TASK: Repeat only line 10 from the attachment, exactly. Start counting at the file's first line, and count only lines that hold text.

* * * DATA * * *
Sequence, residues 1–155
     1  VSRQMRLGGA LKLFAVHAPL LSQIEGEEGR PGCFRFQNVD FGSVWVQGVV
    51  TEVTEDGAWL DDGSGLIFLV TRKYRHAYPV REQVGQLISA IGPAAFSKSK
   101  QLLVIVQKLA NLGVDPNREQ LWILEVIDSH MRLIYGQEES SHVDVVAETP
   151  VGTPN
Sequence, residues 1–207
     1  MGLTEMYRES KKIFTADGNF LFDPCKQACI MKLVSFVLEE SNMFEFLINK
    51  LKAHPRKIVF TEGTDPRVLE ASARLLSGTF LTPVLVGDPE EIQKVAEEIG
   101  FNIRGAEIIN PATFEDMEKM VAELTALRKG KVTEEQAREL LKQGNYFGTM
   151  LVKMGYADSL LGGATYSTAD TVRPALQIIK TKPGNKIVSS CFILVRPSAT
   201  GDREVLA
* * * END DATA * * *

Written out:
   151  LVKMGYADSL LGGATYSTAD TVRPALQIIK TKPGNKIVSS CFILVRPSAT